After the National Trust for Historic Preservation announced it will not renew Woodlawn Stables’ lease after it expires in 2016, the Trust has decided to consider all options for the land.
The National Trust for Historic Preservation will honor Woodlawn Stables’ lease through its expiration in 2016. This announcement was made weeks before the alternative bypass option for the widening of Richmond Highway was passed by the Fairfax County Board of Supervisors.
Once the effects on the Richmond Highway widening project on Woodlawn are better understood, the NTHP will consider potential uses for the property. This would include proposals from public and private parties, National Trust spokesperson Jessica Pumphrey told Patch.
“The National Trust decided not to renew the current lease of Scanlin Farms, a for-profit business, that expires in 2016 because the lease is not sustainable and extending it would not be a sound business decision,” Pumphrey said. "We are focused on Woodlawn’s future as a vibrant historic site, which includes consideration of all options for this land.”
According to the Trust, the Woodlawn Stables land would be obtained by the government under eminent domain and a strip of land would be taken for the highway, along with land for the storm water management ponds.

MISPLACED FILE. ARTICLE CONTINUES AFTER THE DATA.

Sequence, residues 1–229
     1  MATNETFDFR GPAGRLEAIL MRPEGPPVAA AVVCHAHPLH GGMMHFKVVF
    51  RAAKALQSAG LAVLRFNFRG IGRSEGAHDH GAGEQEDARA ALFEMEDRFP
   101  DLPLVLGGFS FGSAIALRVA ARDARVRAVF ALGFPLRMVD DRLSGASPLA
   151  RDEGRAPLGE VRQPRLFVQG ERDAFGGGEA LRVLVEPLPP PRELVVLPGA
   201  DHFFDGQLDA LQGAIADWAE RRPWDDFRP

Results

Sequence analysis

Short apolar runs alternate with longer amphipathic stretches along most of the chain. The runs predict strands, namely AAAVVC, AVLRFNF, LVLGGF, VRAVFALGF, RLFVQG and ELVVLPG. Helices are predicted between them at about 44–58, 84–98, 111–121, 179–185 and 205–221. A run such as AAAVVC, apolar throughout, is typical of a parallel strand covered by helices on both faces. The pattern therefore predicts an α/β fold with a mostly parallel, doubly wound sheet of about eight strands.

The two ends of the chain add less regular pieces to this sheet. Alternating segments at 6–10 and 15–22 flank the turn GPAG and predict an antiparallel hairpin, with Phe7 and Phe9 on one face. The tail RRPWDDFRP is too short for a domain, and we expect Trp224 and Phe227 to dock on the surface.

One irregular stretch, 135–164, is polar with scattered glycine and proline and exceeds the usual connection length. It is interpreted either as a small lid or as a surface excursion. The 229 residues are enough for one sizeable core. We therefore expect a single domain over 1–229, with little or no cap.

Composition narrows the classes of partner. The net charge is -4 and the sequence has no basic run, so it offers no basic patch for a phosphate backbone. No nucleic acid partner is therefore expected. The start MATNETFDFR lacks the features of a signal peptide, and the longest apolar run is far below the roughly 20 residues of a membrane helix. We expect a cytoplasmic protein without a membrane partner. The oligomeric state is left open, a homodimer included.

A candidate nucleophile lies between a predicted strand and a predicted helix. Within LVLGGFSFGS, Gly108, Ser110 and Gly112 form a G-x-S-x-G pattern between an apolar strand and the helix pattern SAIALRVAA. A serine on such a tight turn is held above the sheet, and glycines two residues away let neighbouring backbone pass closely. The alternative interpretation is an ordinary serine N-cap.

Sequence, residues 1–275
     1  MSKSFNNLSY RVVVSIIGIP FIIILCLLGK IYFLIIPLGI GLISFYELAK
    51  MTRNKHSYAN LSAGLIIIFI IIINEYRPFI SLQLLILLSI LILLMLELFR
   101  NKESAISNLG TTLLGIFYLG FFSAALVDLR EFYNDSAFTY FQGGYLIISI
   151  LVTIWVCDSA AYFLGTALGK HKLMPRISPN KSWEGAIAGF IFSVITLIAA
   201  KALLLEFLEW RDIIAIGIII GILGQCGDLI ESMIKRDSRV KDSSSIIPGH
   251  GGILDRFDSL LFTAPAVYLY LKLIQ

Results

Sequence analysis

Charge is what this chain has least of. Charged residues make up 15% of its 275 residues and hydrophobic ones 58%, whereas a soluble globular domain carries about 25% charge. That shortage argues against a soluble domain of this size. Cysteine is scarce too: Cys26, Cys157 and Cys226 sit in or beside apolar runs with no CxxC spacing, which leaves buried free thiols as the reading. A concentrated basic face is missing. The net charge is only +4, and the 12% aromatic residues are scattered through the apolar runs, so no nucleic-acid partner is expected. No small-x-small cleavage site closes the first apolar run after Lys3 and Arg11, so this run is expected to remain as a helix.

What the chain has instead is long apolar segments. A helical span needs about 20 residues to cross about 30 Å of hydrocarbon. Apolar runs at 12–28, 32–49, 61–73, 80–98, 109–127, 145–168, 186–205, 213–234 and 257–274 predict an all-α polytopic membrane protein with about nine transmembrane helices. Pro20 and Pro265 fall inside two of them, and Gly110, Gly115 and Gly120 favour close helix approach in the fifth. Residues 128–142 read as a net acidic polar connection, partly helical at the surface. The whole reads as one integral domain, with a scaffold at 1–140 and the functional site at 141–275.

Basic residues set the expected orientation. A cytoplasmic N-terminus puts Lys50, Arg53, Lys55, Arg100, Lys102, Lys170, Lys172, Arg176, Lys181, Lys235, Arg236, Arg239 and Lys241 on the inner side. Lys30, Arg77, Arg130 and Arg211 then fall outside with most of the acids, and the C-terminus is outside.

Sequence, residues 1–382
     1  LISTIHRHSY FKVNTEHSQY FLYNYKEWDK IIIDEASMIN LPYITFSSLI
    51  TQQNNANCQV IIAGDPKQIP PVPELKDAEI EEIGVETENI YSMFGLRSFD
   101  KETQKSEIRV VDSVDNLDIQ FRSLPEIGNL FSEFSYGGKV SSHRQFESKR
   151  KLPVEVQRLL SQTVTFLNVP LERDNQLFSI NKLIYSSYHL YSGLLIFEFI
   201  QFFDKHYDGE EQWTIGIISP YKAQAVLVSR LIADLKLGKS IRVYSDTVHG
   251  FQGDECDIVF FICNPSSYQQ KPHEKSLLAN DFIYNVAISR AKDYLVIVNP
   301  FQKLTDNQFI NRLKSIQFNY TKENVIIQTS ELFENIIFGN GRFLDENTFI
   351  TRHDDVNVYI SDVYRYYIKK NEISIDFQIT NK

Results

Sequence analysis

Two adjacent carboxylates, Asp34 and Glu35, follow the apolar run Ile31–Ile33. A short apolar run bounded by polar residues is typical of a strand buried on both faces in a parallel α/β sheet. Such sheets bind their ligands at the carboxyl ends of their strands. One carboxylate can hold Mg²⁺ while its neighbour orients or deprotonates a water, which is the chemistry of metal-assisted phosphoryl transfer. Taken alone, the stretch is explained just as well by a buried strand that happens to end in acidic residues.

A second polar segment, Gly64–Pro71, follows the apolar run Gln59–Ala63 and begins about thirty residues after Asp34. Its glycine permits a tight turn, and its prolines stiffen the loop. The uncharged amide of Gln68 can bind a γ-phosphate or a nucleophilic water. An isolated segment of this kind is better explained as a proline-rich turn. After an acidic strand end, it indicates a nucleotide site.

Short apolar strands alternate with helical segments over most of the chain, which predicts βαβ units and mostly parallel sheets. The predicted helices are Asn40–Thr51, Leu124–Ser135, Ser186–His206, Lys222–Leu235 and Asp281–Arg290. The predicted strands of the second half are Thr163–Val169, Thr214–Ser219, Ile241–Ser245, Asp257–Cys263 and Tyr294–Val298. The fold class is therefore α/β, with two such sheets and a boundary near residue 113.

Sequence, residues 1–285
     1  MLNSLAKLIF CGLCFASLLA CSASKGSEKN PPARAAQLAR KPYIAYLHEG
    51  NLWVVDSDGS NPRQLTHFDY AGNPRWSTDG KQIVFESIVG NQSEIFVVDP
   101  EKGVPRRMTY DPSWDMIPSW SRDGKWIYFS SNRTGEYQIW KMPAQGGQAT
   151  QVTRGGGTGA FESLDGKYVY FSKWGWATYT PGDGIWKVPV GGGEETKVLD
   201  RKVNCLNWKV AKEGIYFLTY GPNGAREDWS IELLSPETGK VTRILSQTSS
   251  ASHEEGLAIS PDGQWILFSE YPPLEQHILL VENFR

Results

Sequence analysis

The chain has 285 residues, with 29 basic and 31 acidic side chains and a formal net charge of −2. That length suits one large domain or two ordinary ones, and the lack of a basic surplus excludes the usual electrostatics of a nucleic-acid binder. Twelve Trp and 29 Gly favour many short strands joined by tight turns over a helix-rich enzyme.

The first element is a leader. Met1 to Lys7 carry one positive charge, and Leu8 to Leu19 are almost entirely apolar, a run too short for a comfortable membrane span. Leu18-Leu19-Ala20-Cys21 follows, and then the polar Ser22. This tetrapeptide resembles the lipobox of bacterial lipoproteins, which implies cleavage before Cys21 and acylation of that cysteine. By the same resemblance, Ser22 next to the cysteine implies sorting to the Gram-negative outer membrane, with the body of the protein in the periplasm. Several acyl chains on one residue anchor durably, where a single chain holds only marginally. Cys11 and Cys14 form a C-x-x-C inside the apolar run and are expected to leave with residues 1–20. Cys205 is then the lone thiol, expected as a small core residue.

“To ensure permanent public use of one of the area’s few remaining open spaces and potential public parklands, the National Trust would be willing to consider options from the county or state to purchase the southern parcel of our property,” Pumphrey said.
Arcadia Farm has had a working relationship with the National Trust for the last several years. The Trust requested Arcadia present a plan detailing how they will utilize Woodlawn in the next few years. According to the trust, the plan presented by Arcadia is flexible enough to incorporate the southern parcel of land for new agricultural-related uses, but the Trust has not made any recommendations or selections regarding whether they will open the process up to businesses.
The Woodlawn Plantation and Pope-Leighey House are financially sound, according to the Trust. The National Trust has invested in site improvements including a comprehensive restoration project for the mansion’s wood windows. This project will be completed later this year. In addition, the Trust is also performing masonry repairs on the walls of Woodlawn and the 19th century dairy structure on the property, and electrical repairs at Woodlawn were completed this year.